Let’s tell young women the truth about their sexuality, and their fertility. Most women will want to have children. That’s the instinct that keeps us alive as a species, and all the iPhones and Pinterest boards in the world isn’t going to change that. And most women will not only want to have children, they will want to BE WITH THEM. Women’s fertility peaks at 25 #sorry feminists. After 35, you are on a long, painful road to Clomid and IVF and after 40, the deal is pretty much done. You will not be having any children.
We need to teach young women to respect their fertility and to plan their lives around that. Biology. Always. Wins. Heading off to college and trying to launch a “career” (most likely as a secretary) during peak fertile years is a recipe for total disaster, as global birth rates in the feminized world demonstrate.
The best possible scenario to raise children is a nuclear family (two parents, gay or straight) splitting responsibilities and sharing labor. Since women FEED babies, that means that the domestic labor is hers, and productive, economic labor falls to her partner.
All of that strongly implies monogamy and fidelity. Teaching women that acting like sluts and having sex with a lot of different men outside the bonds of a loving relationship (whether that results in marriage or not) is somehow empowering and evidence for their strength and independence has had devastatingly predictable outcomes for young women: cutting, drug addictions, depression, eating disorders, suicide.
Feminism tells young women pernicious lies about their own desires: most women want loving, stable relationships with men they care about and feel deeply connected to, and they will want to have children and raise those children in the context of that sort of relationship. Young women need to be encouraged to make the kind of choices that will allow them to fulfil those desires.
Let’s teach young women that there is a difference between what you WANT to do, and what you are ABLE to do. This is toddler-ville, people! No, you can’t be anything you want. How does this even seem like a sensible thing to tell anyone?
True story: When LittleDude was three years old, he got a pair of Superman pajamas with a little cape and he was soooooo excited. He stripped down and could barely hold still while I helped him don his new suit, then he climbed up on the back of the couch and flung himself down on the hardwood floor! It was a nasty landing. Poor little guy. I picked him up, sobbing, and he said to me, “Mommy, these don’t work!”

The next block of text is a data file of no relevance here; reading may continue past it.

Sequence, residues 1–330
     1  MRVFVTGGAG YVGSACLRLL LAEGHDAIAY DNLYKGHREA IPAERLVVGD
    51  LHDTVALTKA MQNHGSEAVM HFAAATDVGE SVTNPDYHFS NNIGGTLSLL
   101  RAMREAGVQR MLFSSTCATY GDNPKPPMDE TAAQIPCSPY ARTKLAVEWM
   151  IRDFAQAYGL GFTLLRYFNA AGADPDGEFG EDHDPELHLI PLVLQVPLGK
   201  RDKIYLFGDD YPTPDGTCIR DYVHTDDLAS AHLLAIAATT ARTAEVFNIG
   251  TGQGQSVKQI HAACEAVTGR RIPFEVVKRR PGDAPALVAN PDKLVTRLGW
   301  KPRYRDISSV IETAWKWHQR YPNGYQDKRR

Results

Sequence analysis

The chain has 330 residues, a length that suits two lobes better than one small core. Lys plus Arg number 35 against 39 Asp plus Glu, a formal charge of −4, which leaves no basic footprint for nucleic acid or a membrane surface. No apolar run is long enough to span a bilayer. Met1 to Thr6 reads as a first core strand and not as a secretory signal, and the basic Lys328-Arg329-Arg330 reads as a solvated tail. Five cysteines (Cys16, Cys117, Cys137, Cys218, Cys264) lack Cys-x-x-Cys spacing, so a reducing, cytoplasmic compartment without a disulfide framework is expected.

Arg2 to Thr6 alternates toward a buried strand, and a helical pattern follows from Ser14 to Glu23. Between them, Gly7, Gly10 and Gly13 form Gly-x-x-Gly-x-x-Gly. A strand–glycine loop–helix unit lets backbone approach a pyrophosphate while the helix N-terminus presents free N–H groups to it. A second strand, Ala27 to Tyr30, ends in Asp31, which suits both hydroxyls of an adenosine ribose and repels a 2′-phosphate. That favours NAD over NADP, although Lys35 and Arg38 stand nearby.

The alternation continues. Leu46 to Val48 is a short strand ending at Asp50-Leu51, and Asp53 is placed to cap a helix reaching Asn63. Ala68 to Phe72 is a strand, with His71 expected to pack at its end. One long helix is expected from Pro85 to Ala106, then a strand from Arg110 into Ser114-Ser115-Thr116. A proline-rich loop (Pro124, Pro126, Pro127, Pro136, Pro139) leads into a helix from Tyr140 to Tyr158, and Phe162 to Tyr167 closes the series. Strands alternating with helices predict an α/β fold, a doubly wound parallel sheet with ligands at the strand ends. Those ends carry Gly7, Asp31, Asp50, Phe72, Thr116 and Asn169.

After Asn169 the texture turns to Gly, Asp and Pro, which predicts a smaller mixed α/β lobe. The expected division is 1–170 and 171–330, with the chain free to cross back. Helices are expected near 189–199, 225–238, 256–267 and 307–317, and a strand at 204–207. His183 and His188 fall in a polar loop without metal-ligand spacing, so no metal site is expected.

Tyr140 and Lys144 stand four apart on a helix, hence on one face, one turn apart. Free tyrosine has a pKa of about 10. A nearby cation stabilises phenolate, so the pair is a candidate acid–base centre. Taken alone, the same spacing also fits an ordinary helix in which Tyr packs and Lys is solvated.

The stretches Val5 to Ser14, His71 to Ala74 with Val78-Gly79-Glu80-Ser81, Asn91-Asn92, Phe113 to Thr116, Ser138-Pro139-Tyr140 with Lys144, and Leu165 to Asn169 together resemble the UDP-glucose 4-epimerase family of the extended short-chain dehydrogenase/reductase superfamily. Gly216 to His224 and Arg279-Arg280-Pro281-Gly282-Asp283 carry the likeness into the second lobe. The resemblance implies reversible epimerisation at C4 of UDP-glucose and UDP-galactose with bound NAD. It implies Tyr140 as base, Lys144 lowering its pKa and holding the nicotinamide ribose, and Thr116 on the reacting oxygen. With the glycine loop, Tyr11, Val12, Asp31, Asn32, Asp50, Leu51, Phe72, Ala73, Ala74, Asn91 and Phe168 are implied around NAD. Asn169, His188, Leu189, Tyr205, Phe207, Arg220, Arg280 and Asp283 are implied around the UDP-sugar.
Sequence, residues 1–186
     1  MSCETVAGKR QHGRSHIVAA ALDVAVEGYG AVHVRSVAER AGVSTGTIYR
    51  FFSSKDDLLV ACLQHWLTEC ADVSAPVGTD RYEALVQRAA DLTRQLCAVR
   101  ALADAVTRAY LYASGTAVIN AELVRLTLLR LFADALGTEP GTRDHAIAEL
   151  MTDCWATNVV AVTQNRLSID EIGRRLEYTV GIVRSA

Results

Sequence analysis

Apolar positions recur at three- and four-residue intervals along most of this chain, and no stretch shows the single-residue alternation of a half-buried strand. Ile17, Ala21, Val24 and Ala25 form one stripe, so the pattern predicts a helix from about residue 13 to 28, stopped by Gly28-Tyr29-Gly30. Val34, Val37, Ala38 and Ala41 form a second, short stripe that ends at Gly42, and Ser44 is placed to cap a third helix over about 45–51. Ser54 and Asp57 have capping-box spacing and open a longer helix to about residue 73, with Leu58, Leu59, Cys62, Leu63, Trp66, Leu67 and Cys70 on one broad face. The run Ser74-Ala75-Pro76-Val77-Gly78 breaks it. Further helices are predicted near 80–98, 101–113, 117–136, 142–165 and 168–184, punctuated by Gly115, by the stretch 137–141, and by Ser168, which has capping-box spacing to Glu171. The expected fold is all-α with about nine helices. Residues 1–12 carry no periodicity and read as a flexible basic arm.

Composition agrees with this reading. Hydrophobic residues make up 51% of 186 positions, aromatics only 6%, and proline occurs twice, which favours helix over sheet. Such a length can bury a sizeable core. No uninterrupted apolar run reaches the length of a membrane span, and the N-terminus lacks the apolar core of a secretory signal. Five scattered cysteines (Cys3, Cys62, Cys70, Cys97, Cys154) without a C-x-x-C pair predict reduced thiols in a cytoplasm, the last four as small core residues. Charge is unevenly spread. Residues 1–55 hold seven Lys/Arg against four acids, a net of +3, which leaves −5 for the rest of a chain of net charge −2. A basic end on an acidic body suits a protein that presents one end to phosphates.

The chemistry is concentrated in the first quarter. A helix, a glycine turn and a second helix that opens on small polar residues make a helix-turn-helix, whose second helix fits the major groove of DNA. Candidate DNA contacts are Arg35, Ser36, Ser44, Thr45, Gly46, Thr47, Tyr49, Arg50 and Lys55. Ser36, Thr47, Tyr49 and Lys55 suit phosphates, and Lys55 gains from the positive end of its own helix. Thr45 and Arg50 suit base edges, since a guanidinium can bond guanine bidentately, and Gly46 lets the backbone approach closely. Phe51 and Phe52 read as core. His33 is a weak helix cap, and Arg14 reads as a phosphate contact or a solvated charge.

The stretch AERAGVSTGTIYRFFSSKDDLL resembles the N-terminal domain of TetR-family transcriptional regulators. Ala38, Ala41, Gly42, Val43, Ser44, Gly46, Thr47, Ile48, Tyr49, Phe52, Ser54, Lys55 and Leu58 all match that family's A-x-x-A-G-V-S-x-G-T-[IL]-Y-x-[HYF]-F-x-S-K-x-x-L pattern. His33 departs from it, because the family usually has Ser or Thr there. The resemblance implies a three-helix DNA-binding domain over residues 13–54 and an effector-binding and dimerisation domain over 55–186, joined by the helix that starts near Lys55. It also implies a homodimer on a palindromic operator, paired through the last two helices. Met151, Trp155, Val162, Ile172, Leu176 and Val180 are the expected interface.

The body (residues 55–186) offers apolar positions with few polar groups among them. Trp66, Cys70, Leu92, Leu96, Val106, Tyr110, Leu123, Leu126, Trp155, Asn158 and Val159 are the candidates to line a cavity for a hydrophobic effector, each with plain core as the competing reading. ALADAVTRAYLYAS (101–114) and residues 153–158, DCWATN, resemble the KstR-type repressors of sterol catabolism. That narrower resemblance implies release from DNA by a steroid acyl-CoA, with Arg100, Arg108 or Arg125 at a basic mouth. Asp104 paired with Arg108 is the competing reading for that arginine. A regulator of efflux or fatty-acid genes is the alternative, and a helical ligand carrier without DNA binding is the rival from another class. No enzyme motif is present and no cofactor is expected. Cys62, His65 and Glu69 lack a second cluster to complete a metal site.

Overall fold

He really, really, really wanted to fly. He could not have wanted it more.
Guess what? He can’t.
Teaching young women that they can be firefighters or astronauts or combat soldiers or the President or a unicorn trainer when they grow up is encouraging them to ignore what they are ABLE to do and just focus on what they WANT. Hey, for any women who are in fact, ABLE, every opportunity should be open (except combat soldier), but the fact is that most of them are not capable of taking on physically demanding jobs that require enormous strength of either body, will or mind.
When we teach young women to focus on their ability rather than their desire, we encourage them to take rational stock of themselves, and we counter the cultural pressures towards self-absorption and narcissism. Be who you are, to be certain, but know who you are and what you can do, first and foremost.
Let’s teach young women that there is nothing wrong with being First Officer. The USS Enterprise D has a crew complement of 1014 and only one of those people is the Captain. Most people, men and women, are not cut out for the Captain’s chair and that is just fine.
We can’t all be Captains, obviously. Teaching young women that they are not ambitious enough, that they will never be fulfilled, that their accomplishments amount to zero unless they are in the Captain’s chair does a huge disservice to all the many men and women who are happy to be crew members and gives permission for women to sneer at other women who are happy with their lower ranks.
It goes by the name “The Mommy Wars” in popular culture, and it is essentially a movement to devalue, discredit and shame women who would rather care for their own families than earn money caring for someone else’s. When the only measure of a woman’s value comes in the form of dollars earned, women who stay at home to care for their families have no value at all.
That’s nice, isn’t it? Feminism: making women feel like shit for 50 years.
And finally, let’s teach young women that they are not special. Young women need to know they are not better than men, they are not morally or ethically or legally superior to men, and we need to encourage them to start agitating for changes in the law and culture that will make those truths the reality. Let’s make young women activists? Oh hell yeah.
Insist on equal treatment before the draft board. Insist on equal custody agreements when marriages dissolve. Insist on the right to bodily integrity for both boy and girl babies. Insist on fair schooling that respects both boys and girls. Insist on equal health care and social spending. Insist on the right to raise your own children without shame.
It boils down to this:
How’s that for a reality check?
Lots of love,